Google’s Self-Driving Car Is For Real-Life Crawling

Google revealed a secret project it was working on to make cars that can drive themselves without any human intervention. These aren’t just experiments in a controlled environment either. The cars have “driven 1,000 miles without human intervention and more than 140,000 miles with only occasional human control” on real highways, streets, intersections, and even Lombard street in San Fransisco.

The media has picked up on the theme that Google is doing it to improve society with the goal of reducing automobile fatalities and freeing up time spent commuting. These would be very positive things to come from this research but could take several years to come to fruition. I have a feeling Google is doing this for its own reasons.

The Google search engine has web crawlers that follow every link it can find, slurping down the HTML which Google can analyze to determine where that page ranks in its index. These autonomous cars can be the start to real-life crawlers.

Google Street View started when a bunch of cameras were strapped to a car continuously taking photos as it drove through an area. The photos that appear online are several months old at the earliest. If it could make gathering these photos more efficient, it could update the images faster, making Street View more relevant.

Imagine if Google could send out these automated cars to collect data in the physical world that Google could use in it’s local search product. Some of the more practical applications include updating maps when roads are closed, continuously updating stores in Street View that might have changed ownership, or even determining the popularity of a place based on the number of people seen around it at various times of day.

Google wants to start ranking real-life data in conjunction with online data. This is a clear step in that direction. And it should be no surprise that the self driving car project was led by Sebastian Thrun, co-inventor of the Street View mapping product.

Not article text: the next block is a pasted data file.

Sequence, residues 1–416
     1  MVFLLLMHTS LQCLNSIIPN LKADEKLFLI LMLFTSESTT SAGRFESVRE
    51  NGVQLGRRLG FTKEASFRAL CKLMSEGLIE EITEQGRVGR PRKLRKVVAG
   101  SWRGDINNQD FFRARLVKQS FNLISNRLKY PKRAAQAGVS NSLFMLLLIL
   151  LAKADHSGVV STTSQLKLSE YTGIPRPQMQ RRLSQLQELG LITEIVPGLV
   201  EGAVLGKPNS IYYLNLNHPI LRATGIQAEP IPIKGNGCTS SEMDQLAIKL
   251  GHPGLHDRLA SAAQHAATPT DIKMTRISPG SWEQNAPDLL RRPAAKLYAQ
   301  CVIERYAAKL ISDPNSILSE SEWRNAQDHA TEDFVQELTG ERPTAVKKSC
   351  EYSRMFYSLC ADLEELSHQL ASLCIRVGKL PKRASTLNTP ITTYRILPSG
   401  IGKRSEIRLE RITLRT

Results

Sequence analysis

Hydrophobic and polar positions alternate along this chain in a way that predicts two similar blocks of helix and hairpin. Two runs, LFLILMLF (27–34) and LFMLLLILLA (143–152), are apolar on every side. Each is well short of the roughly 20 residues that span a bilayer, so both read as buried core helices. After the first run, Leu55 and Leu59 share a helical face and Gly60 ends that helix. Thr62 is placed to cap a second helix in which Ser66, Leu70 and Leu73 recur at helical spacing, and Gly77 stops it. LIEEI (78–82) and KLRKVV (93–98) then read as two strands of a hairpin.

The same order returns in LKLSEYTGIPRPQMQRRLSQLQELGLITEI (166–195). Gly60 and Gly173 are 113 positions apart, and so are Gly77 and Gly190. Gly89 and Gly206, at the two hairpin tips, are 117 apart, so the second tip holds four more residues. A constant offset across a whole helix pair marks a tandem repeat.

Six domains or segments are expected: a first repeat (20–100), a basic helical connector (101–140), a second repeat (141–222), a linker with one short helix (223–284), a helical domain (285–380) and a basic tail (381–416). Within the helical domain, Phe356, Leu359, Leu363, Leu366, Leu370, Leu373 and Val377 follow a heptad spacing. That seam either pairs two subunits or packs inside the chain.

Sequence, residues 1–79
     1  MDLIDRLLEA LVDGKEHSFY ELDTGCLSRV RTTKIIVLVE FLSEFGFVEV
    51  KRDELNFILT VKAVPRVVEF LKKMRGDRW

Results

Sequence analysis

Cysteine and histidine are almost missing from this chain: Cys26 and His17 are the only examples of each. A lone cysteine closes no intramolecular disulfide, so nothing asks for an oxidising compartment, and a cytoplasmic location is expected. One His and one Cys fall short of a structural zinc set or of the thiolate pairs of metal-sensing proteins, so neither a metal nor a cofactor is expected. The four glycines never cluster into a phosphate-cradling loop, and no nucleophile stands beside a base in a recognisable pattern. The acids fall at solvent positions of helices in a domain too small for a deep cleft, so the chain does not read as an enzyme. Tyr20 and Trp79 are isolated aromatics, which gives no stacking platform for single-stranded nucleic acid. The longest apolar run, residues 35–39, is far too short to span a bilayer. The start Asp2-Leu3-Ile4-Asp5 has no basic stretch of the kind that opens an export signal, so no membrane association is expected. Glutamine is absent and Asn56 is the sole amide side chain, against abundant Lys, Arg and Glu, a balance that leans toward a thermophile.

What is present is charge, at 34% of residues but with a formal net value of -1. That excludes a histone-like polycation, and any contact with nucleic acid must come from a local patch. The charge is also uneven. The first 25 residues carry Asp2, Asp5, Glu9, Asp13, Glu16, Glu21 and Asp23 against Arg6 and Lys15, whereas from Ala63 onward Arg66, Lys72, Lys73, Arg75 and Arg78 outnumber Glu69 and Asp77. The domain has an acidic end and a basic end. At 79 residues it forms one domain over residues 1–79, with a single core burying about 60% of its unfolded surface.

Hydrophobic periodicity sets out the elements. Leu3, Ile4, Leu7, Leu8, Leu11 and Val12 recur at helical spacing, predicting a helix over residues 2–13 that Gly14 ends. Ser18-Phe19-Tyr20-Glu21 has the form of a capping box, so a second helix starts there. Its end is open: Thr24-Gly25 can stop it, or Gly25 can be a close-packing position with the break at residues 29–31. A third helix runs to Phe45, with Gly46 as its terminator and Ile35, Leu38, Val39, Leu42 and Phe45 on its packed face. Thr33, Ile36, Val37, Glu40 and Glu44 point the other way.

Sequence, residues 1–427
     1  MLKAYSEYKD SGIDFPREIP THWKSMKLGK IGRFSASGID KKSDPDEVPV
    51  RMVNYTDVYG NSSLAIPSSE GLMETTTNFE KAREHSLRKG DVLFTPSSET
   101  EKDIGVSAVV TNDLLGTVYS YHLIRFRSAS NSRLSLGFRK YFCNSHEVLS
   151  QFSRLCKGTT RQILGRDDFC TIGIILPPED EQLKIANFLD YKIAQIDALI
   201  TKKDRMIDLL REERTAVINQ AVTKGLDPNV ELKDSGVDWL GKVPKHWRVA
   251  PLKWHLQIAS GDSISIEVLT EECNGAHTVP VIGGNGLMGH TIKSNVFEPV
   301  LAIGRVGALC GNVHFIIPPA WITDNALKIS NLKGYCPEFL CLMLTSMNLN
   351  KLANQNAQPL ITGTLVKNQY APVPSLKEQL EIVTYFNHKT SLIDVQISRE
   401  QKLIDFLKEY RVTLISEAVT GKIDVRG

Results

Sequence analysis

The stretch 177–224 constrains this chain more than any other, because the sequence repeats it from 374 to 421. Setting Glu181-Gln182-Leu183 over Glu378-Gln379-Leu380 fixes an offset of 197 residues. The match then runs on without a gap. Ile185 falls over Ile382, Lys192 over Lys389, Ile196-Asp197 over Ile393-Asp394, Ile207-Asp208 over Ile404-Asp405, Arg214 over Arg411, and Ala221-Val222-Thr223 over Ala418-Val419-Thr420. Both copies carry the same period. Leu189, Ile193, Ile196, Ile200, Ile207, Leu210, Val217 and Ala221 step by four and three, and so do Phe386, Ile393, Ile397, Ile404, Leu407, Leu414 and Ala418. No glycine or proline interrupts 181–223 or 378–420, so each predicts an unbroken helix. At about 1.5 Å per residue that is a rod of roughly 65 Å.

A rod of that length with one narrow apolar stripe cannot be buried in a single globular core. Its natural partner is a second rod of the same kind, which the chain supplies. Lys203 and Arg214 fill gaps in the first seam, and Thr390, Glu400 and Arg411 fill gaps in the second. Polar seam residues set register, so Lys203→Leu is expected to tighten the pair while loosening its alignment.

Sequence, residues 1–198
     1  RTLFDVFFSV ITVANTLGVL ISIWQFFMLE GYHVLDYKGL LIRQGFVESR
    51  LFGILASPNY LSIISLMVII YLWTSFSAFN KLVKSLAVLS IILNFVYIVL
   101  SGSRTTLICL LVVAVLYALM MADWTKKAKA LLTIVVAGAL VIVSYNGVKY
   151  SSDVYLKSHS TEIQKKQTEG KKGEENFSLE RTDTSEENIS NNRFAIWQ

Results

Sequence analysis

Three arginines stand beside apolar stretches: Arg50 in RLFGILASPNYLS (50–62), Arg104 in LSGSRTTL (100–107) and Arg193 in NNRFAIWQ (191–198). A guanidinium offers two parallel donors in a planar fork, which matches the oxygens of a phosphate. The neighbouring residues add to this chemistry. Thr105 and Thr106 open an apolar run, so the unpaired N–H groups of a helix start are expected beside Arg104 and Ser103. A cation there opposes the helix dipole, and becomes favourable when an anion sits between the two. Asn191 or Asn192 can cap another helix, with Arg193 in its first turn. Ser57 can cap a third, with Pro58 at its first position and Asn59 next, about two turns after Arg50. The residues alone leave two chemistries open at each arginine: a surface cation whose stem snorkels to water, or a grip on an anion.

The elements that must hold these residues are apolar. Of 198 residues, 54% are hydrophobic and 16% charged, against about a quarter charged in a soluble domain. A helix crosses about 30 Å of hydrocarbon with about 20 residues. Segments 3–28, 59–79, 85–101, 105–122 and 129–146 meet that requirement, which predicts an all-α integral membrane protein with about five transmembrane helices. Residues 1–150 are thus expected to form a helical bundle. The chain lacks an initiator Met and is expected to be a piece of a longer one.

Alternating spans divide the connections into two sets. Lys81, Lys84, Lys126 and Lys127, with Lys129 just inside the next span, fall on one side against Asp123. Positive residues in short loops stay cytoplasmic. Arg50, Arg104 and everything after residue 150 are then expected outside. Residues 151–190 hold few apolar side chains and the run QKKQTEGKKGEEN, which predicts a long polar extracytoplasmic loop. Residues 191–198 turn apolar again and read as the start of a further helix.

The New Car Conundrum: What Should I Get?

Russell's 1994 Mercury Villager

My 1994 Mercury Villager mini-van has served me well over the years but it has to go according to the U.S. Government. Since it gets a measly 17 combined miles per gallon according to, my van is a certified clunker and eligible for the Cash for Clunkers program. This means I can get $3,500 off a new car purchase that gets at least 4 more miles per gallon or a $4,500 discount for a car that gets at least 10 more miles per gallon. That’s a sweet deal considering the Kelley Blue Book trade-in value is at most $1,550.

The thing is I don’t really need a new car. I get to work using public transportation leaving the van only for small errands. Once a year we will take it on a road trip to Ocean City but that’s about the extent of my driving. I fill it up maybe once a month and according to FuelFrog (my review) I’m getting about 22 miles per gallon.

FuelFrog Miles per Gallon for my 1994 Mercury Villager

Because it has 130,000 miles on it, the tune-ups can be a bit costly about every other year. I have started noticing a high-pitched squeal whenever the accelerator is depressed and one of these days it will die.

With this opportunity I decided to do a bit of research on Yahoo! Autos. I found 21 cars that fit my criteria including the 2010 Honda Insight, 2009 Honda Fit, and 2009 Honda Civic hybrid which all caught my eye. Kristina doesn’t like any of these because she already has a small sedan and strategically it would make sense to get another type of vehicle. I can agree with that, but bigger cars are more expensive.

Three Honda cars to replace my van.

There is also the option of brokering a deal with my dad for his Toyota Rav-4 with 100,000 miles on it in exchange for a car with the discount. He was the one who bought the van 15 years ago and paid it off before handing it over to me but such a deal sounds complicated.

I just feel a little weird about getting a new car and then having it sit at home for most of its early life. So this is where I seek advice from the wisdom of the interwebz. What should I do?

On the plus side an auto loan would help me build my credit score for when we eventually buy a house 🙂